Junior Jenny Reed has been studying Spanish since the eighth grade. A junior biology and Spanish double major from Denver, Colo., she decided to continue her work in the language by spending her spring semester at the University of Salamanca.
Reed says studying abroad was the next logical step to advance her education. “The opportunity to live with a local family was the selling point of the Salamanca program for me,” she says.
What are you studying and what are your classes like?
My classes cover art and architecture, business, film and contemporary Spanish culture. I’m also receiving credit for an internship in the University of Salamanca’s International Relations Office. All our classes are taught in Spanish by professors from the University of Salamanca, with the exception of one, which is taught by Wake Forest Spanish professor Candelas Gala.
What did you do your first day in Spain?
I took a walk to the Plaza Mayor, a large square in the middle of the city and the center of Salamanca’s social activity. There, a group of musicians were playing traditional instruments and wearing regional clothing. A crowd formed around them and the townspeople who had been out for an afternoon stroll started to perform traditional Spanish dances. The genuine enthusiasm of the crowd during this impromptu dance festival assured me that I would enjoy the semester to come.
Most memorable moment?
My first and most impressionable experience had to be my first meal in Spain. I sat down at the table with my new family and struggled to eat the most gigantic bowl of spaghetti I had ever seen in my life. When I finally finished, I smiled and thanked them for my meal, silently congratulating myself for having challenged the dimensions of my stomach to its limit. My Spanish grandmother cleared the bowls from the table, and just when I thought I was free, she reemerged from the kitchen with “el segundo plato.” I had heard tales about the Spanish lunch before but hadn’t understood its magnitude until I was faced with the challenge of consuming one. After two pieces of baked chicken with tomatoes, fruit, coffee, Christmas sweets and a piece of cake, I had finished. Everything was delicious, but my range of motion was limited for the rest of the afternoon.
What has surprised you about the trip so far?
As a student from the U.S., I learned history from a textbook. But Spain is living evidence of how history molds a community. My host grandmother can tell you exactly what she was doing during the attempted coup d’etat in 1981. I had not anticipated this kind of confrontation with history, but it is remarkable to hear about it from the very people who were there.
Complete immersion in the Spanish language is arguably the most valuable aspect of the Salamanca program, but it is also the part that causes the most frustration. Sometimes I rehearse what I’m going to say before performing menial tasks, like asking for directions or ordering food at a restaurant, and sometimes it gets tiring to concentrate so intently to understand simple phrases.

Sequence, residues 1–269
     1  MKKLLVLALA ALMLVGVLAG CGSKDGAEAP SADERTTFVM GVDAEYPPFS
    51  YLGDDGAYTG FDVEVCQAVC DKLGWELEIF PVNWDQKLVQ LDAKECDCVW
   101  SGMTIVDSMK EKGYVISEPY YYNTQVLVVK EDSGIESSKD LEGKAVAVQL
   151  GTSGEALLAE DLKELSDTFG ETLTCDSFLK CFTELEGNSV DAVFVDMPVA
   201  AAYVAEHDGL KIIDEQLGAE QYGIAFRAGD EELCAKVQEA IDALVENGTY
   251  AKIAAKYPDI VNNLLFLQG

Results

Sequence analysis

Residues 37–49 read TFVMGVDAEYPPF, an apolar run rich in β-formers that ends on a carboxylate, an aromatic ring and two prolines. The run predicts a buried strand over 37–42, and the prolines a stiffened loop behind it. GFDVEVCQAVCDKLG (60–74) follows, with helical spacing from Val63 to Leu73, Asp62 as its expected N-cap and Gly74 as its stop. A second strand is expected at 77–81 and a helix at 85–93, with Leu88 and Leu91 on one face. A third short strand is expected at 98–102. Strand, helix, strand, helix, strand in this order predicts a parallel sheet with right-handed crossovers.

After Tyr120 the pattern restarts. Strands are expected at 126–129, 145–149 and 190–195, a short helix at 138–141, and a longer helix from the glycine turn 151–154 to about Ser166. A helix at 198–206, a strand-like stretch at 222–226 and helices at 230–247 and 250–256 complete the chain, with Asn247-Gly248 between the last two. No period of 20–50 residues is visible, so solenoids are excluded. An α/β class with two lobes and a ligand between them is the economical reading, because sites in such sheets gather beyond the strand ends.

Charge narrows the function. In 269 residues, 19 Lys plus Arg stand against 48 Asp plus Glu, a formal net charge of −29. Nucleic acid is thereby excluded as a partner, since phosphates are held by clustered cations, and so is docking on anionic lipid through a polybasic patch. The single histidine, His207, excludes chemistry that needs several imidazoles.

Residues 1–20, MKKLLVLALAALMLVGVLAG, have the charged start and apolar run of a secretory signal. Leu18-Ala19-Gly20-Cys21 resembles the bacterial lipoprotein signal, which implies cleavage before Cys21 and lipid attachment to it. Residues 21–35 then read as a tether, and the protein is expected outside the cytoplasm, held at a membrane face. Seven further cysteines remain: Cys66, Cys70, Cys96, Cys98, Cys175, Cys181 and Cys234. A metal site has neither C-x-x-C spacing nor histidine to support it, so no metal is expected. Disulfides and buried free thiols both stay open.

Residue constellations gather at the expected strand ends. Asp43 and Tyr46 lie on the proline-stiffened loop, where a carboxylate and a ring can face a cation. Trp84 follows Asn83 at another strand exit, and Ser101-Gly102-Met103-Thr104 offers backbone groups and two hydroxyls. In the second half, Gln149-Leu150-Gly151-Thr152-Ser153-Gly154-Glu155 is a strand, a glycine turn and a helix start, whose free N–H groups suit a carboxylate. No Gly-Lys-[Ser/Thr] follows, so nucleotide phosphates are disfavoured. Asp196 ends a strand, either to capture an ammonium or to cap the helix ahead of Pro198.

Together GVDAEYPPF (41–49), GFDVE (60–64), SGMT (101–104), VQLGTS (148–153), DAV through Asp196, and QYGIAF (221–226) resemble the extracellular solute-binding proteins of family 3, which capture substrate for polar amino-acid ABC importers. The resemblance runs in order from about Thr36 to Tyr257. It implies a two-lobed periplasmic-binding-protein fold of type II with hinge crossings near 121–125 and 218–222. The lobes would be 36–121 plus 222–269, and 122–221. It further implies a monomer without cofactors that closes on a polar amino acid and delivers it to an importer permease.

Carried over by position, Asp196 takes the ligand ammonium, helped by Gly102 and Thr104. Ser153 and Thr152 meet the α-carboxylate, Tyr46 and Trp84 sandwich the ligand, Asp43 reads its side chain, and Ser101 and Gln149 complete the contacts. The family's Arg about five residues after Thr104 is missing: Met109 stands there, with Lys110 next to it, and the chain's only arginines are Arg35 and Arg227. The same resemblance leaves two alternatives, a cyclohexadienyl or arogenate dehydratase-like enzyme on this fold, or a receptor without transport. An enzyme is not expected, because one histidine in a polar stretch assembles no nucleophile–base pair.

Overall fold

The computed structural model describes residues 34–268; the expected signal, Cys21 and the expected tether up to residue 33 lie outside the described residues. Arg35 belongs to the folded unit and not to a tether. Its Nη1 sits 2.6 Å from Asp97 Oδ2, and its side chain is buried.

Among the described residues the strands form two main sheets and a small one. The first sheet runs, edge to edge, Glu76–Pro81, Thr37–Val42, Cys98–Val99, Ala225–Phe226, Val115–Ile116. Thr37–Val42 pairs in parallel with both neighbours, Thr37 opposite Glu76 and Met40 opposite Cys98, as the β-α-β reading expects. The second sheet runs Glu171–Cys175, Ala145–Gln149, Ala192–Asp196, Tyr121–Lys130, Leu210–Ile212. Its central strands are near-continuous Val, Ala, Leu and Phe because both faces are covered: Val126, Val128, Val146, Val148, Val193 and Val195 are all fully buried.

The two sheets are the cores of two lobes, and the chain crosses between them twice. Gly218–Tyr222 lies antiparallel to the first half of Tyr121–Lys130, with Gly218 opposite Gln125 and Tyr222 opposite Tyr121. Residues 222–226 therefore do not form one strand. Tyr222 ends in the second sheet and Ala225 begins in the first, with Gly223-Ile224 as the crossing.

What have you learned about yourself?
This semester in Spain has been a humbling experience. Living in a foreign country and being a guest in someone else’s home has made me more aware of the social and cultural consistencies I accept as standards in the U.S. I have learned, however, that it is good to be out of your element. Some of the experiences during which I learned the most were those in which I felt the most uncomfortable. I have gained confidence in forging unfamiliar territory and have learned that the value of an experience amounts to the effort you expend. There is a language exchange program through which Wake Forest students are able to meet with members of the local community to practice speaking Spanish in an informal atmosphere. Before this semester, I would have been terrified by the idea of meeting for coffee with a random stranger, but I have come to realize that if you’re willing to put yourself out there, the rewards are gratifying.
What advice do you have for students studying abroad?
Seize control of your own experience and make every effort to integrate yourself into the society and country in which your studying. There are countless opportunities as long as you are willing to look for them. In Salamanca, the group of Wake Forest students volunteer at the local YMCA to help Spanish children with their schoolwork. Our program also offers a series of cultural activities that include wine tastings, cooking lessons, poetry readings and traditional Spanish dance lessons.
What three things would you like to do in the time you have left?
During my last two months in Salamanca, I hope to visit the Civil War archives museum, have a picnic in the Plaza Mayor, and see a traditional Flamenco dance performance. My host mother told me I will know I’m fluent when I start to dream in Spanish, so I hope that happens, too.
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